With 15.9MP, the G6 offers a higher resolution than the V-LUX 1 (10MP), but the G6 nevertheless has larger individual pixels (pixel pitch of 3.76μm versus 1.95μm for the V-LUX 1) due to its larger sensor. Moreover, the G6 is a much more recent model (by 6 years and 7 months) than the V-LUX 1, and its sensor will have benefitted from technological advances during this time that further enhance the light gathering capacity of its pixel-units. Coming back to sensor resolution, it should be mentioned that the V-LUX 1 has no anti-alias filter installed, so that it can capture all the detail its sensor resolves.
The resolution advantage of the Panasonic G6 implies greater flexibility for cropping images or the possibility to print larger pictures. The maximum print size of the G6 for good quality output (200 dots per inch) amounts to 23 x 17.3 inches or 58.5 x 43.9 cm, for very good quality (250 dpi) 18.4 x 13.8 inches or 46.8 x 35.1 cm, and for excellent quality (300 dpi) 15.4 x 11.5 inches or 39 x 29.3 cm. The corresponding values for the Leica V-LUX 1 are 18.2 x 13.7 inches or 46.3 x 34.7 cm for good quality, 14.6 x 10.9 inches or 37.1 x 27.8 cm for very good quality, and 12.2 x 9.1 inches or 30.9 x 23.2 cm for excellent quality prints.
The Leica V-LUX 1 has a native sensitivity range from ISO 100 to ISO 1600, which can be extended to ISO 100-3200. The corresponding ISO settings for the Panasonic Lumix DMC-G6 are ISO 160 to ISO 12800, with the possibility to increase the ISO range to 160-25600.
Since 2007, DXO Mark has published sensor performance measurements that have been derived using a consistent methodology. This service is based on lab testing and assigns an overall score to each camera sensor, as well as ratings for dynamic range ("DXO Landscape"), color depth ("DXO Portrait"), and low-light sensitivity ("DXO Sports"). The adjacent table reports on the physical sensor characteristics and the outcomes of the DXO sensor quality tests for a sample of comparator-cameras.
| DXO |
|1.||Leica V-LUX 1||1/1.8||10.0||3648||2736||480/30p||..||..||..||..|
|2.||Panasonic G6||Four Thirds||15.9||4608||3456||1080/60p||21.3||11.5||639||61|
|3.||Leica Q Typ 116||Full Frame||24.0||6000||4000||1080/60p||24.3||12.7||2221||85|
|4.||Leica X Vario||APS-C||16.1||4928||3272||1080/30p||23.4||12.7||1320||78|
|5.||Leica D-LUX 6||1/1.7||10.0||3648||2736||1080/60p||..||..||..||..|
|6.||Leica V-LUX 4||1/2.3||12.0||4000||3000||1080/60p||..||..||..||..|
|7.||Leica V-LUX 3||1/2.3||12.0||4000||3000||1080/60p||..||..||..||..|
|8.||Leica D-LUX 5||1/1.7||10.0||3648||2736||720/60p||..||..||..||..|
|9.||Leica V-LUX 2||1/2.3||14.0||4320||3240||1080/60i||..||..||..||..|
|12.||Panasonic G7||Four Thirds||15.8||4592||3448||4K/30p||..||..||..||..|
|14.||Panasonic GF6||Four Thirds||15.8||4592||3448||1080/60i||20.7||10.6||622||54|
|15.||Panasonic GX7||Four Thirds||15.8||4592||3448||1080/60p||22.6||12.2||718||70|
|16.||Panasonic G5||Four Thirds||15.9||4608||3456||1080/60p||..||..||..||..|
|17.||Panasonic G3||Four Thirds||15.8||4592||3448||1080/60i||21.0||10.6||667||56|
Many modern cameras are not only capable of taking still images, but also of capturing video footage. Both cameras under consideration have a sensor with sufficiently fast read-out times for moving pictures, but the G6 provides a better video resolution than the V-LUX 1. It can shoot movie footage at 1080/60p, while the Leica is limited to 480/30p.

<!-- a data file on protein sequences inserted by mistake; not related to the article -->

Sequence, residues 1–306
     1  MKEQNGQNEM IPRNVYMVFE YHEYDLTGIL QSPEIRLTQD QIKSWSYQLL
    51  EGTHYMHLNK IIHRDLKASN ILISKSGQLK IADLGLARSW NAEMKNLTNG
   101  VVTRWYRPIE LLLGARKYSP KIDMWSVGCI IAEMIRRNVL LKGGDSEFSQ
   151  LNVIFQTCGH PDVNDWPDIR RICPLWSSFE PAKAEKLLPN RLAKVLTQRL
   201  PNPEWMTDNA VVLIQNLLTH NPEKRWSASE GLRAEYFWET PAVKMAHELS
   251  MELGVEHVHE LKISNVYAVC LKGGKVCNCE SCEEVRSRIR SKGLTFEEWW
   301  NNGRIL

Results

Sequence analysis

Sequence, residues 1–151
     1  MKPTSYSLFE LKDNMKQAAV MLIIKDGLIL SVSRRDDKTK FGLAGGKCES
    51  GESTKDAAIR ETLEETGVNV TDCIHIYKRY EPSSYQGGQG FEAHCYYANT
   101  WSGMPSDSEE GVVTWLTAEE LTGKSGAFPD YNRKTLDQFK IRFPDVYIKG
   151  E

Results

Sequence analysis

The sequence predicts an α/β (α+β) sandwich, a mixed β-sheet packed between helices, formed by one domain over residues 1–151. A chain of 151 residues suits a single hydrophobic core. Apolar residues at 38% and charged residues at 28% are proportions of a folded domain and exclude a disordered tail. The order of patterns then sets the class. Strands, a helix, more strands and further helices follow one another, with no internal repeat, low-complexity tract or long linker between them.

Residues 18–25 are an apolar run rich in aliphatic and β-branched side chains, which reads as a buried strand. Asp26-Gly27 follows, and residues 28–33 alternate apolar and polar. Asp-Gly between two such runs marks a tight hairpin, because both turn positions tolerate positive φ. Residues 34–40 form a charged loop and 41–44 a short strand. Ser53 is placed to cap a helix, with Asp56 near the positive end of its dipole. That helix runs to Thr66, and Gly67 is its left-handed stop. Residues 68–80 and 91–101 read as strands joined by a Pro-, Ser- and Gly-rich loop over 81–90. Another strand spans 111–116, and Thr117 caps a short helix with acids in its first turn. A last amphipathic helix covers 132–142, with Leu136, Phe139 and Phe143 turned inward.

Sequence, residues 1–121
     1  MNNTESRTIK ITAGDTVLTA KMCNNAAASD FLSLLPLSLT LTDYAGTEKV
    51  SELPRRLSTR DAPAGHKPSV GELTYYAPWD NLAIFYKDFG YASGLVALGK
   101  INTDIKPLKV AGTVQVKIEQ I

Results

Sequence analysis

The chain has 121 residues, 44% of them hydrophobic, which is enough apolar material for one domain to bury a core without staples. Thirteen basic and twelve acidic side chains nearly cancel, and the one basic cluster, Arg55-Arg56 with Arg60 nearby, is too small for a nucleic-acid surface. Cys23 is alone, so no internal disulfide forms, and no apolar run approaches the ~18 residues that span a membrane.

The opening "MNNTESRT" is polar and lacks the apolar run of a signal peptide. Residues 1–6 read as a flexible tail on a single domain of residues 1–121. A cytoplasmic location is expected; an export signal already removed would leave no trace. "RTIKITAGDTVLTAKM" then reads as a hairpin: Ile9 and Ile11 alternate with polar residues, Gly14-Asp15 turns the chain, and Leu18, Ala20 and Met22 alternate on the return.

Beyond body and sensor, cameras can and do differ across a range of features. The two cameras under review are similar with respect to both having an electronic viewfinder. However, the one in the G6 offers a substantially higher resolution than the one in the V-LUX 1 (1440k vs 235k dots). The adjacent table lists some of the other core features of the Leica V-LUX 1 and Panasonic G6 along with similar information for a selection of comparators.
|1.||Leica V-LUX 1||235||n||2.0||207||swivel||n||1/2000s||2.0||Y||Y|
|3.||Leica Q Typ 116||3680||n||3.0||1040||fixed||Y||1/2000s||10.0||n||Y|
|4.||Leica X Vario||optional||n||3.0||920||fixed||n||1/2000s||5.0||Y||n|
|5.||Leica D-LUX 6||optional||n||3.0||920||fixed||n||1/4000s||11.0||Y||Y|
|6.||Leica V-LUX 4||1312||n||3.0||460||swivel||n||1/4000s||12.0||Y||Y|
|7.||Leica V-LUX 3||202||n||3.0||460||swivel||n||1/2000s||12.0||Y||Y|
|8.||Leica D-LUX 5||optional||n||3.0||460||fixed||n||1/4000s||2.5||Y||Y|
|9.||Leica V-LUX 2||202||n||3.0||460||swivel||n||1/2000s||11.0||Y||Y|
One differentiating feature between the two cameras concerns the touch sensitivity of the rear screen. The G6 has a touchscreen, while the V-LUX 1 has a conventional panel. Touch control can be particularly helpful, for example, for setting the focus point.Both cameras have an articulated rear screen that can be turned to be front-facing. This feature will be particularly appreciated by vloggers and photographers who are interested in taking selfies.
The reported shutter speed information refers to the use of the mechanical shutter. Yet, some cameras only have an electronic shutter, while others have an electronic shutter in addition to a mechanical one. In fact, the G6 is one of those camera that have an additional electronic shutter, which makes completely silent shooting possible. However, this mode is less suitable for photographing moving objects (risk of rolling shutter) or shooting under artificial light sources (risk of flickering).